Random Rainbow Star Garland

I started this project (which was a commission) back in the Christmas holidays. I used my free time while we were visiting the in-laws to hook a rainbow of stars. The first round on these stars is essentially a granny square: clusters of three trebles, separated by a chain, except in this case, there are five clusters instead of four. As you can see in the photo below, this forms a little pentagon shape. You can probably also see how I began to arrange the colours. The balls of yarn, which are 100% cotton double knit, are in a classic rainbow arrangement (which I still remember by the mnemonic Richard Of York Gave Battle In Vain) as are the little pentagons below. However, the pentagons have been moved along one place, relative to the original order; the top row one place to the left and the bottom row one place to the right. That gave me the colour combination for the next two rounds as I just moved them on one place again for the third round.

IMG_8831The second round is just another ‘granny pentagon’. If you’ve made granny squares, you’ll have an idea of what I mean. If not, there is a tutorial here. It’s not exactly the same pattern as mine but you get the idea. The third round is where I tend to mix it up. By that I mean I can’t completely remember how I did it. When my three round stars are complete, they tend to look a lot more like five-petalled flowers. They have to be blocked out to pull them into shape. I do this by soaking them in a mixture of PVA glue and water (usually about one part PVA to 4 or 5 parts water), squeezing them out and then pinning them out to dry. I have a couple of foam yoga blocks covered in muslin for this purpose but I have recently seen children’s interlocking foam play mats used and I like that idea too. This garland was going to be 2.5m long when finished so I needed some smaller stars to string in between the three-coloured ones. I made them by doing just two rounds in the same colour.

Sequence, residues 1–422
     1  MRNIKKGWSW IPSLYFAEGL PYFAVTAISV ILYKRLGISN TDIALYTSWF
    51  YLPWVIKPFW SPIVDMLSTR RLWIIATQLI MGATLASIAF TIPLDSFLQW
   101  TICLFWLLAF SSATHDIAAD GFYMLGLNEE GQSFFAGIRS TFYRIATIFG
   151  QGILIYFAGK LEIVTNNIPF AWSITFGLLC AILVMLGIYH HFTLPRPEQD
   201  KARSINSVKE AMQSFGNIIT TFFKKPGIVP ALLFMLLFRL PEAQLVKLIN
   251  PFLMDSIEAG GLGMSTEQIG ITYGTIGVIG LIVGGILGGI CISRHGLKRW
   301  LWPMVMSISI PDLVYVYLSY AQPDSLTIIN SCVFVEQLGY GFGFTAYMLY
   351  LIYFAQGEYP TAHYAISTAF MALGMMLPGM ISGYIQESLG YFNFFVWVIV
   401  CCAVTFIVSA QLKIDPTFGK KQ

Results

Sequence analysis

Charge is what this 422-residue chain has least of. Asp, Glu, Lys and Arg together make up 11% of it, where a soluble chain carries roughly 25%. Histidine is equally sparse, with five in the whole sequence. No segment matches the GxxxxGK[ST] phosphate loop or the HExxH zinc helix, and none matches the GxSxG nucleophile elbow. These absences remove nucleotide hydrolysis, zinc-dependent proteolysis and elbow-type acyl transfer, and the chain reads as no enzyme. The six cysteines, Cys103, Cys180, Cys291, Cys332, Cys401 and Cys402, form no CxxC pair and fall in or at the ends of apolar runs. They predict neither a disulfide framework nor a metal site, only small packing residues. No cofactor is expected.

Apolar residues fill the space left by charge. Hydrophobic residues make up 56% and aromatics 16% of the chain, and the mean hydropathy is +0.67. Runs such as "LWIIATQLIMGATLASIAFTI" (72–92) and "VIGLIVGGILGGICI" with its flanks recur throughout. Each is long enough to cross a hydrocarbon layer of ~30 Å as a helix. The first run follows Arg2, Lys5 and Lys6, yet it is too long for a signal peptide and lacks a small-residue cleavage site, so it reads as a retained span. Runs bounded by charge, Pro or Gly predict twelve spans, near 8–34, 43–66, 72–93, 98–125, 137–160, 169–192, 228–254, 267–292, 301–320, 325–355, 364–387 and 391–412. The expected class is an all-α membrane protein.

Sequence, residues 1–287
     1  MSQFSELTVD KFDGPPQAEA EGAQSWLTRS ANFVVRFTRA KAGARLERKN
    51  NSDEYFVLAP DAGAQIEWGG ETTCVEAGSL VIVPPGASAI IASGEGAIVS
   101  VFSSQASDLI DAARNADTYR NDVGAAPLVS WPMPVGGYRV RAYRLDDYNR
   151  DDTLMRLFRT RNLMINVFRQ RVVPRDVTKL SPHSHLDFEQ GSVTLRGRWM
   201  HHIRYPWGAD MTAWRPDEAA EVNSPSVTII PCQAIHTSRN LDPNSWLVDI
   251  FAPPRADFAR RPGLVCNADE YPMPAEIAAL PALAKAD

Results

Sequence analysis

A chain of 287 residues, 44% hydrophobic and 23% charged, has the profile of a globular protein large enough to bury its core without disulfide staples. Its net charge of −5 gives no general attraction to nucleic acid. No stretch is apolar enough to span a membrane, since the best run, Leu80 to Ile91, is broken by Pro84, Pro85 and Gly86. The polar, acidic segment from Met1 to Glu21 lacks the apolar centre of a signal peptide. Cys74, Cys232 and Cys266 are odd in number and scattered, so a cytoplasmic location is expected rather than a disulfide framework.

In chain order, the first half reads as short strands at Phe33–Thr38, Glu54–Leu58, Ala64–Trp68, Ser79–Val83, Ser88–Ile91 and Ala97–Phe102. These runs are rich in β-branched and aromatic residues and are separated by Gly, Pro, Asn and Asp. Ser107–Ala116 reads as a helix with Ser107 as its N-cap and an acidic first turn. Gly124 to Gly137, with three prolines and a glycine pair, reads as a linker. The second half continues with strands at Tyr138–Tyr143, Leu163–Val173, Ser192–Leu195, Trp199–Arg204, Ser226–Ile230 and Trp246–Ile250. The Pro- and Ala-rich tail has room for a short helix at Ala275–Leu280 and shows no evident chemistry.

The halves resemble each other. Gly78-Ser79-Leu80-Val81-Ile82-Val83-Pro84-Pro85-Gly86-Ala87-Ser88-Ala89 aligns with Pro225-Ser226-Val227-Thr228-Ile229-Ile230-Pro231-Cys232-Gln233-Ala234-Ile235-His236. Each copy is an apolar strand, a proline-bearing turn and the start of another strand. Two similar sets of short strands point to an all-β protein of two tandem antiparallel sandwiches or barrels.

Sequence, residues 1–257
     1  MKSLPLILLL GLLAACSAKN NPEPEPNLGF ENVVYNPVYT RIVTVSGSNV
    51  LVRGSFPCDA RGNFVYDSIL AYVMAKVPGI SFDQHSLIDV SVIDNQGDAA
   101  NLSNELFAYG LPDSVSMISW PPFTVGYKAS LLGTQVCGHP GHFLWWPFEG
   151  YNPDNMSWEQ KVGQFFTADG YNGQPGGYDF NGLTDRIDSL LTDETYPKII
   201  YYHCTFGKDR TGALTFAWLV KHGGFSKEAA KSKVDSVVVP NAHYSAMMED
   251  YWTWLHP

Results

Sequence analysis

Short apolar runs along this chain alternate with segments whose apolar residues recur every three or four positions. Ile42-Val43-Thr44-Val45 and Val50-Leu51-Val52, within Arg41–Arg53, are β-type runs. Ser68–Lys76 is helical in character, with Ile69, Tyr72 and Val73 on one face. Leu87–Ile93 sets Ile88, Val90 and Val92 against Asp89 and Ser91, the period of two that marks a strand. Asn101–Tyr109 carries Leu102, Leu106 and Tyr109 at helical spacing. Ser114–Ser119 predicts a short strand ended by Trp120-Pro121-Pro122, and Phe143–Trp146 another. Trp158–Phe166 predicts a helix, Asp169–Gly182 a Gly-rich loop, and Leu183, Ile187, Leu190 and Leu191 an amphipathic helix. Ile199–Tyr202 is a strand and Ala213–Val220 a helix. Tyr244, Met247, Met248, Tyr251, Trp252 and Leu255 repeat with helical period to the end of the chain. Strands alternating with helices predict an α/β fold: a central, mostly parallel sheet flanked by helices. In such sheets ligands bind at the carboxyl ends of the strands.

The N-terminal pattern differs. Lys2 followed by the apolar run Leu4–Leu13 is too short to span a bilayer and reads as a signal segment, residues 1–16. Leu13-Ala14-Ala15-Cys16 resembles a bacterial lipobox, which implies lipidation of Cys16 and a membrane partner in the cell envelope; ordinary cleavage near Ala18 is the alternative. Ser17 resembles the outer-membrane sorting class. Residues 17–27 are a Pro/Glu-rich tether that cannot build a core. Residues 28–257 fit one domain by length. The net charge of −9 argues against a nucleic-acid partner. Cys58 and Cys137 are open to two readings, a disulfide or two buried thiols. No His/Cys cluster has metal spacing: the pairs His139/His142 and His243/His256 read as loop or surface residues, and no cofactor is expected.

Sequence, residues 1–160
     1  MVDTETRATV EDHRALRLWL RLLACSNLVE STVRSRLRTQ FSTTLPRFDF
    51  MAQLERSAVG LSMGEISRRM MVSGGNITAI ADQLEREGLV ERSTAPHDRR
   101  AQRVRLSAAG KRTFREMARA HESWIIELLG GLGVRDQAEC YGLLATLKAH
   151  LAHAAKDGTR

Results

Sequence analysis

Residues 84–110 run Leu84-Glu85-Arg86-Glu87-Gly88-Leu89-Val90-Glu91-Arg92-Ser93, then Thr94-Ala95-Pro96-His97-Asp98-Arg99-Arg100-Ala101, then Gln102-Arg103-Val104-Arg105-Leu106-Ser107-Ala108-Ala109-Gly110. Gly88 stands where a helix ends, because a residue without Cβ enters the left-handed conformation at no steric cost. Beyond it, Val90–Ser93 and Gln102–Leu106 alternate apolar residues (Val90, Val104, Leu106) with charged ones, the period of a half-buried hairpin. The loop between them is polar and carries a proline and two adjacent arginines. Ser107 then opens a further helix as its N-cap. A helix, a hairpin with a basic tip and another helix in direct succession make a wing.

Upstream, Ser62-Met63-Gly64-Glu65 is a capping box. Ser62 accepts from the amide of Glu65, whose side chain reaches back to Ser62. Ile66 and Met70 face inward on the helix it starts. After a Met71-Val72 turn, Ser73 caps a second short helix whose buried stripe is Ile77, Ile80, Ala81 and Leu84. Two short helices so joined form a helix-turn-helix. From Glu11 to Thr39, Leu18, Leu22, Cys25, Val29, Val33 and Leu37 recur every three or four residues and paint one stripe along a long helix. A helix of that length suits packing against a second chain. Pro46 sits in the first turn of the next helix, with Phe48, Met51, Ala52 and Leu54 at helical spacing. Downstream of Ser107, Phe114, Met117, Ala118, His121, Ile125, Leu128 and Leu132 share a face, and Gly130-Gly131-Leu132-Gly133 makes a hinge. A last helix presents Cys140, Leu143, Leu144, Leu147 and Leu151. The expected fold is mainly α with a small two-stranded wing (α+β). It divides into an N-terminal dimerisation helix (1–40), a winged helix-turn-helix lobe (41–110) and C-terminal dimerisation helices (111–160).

IMG_4393Once everything was dry (and indeed crispy from the PVA) I added buttons to the stars. These days I am doing this job with a glue gun. Stitching them all on was not my idea of fun. It’s probably hard to tell but each star has a different button or combination of buttons, hopefully providing a bit of contrast.

When it came to arranging the whole thing I would probably have strung the stars together like a traditional rainbow, red, orange, yellow, green etc. etc. but the person I was making it for suggested it should be more random. I’m really glad she did, though at the time I wondered how it would work. I tried to pick the stars at random and lay them out but in all honesty, the truly random approach just wouldn’t work. I had to tweak the order they were in so that I didn’t have two of the same colours together.

IMG_4403This is the only picture that has every star on it

Finally, I had to somehow stitch the whole thing together. Last time I made a garland like this I made one long chain and individually stitched on all the shorter chains with the stars at the end. The finished result looks just fine but I’ve got a nagging doubt that the sewn in ends will start to work loose eventually. My holly and star garlands had the decorations attached to the main chain without any ‘dangly bits’ and that was MUCH easier (note to self: make them all like that in future).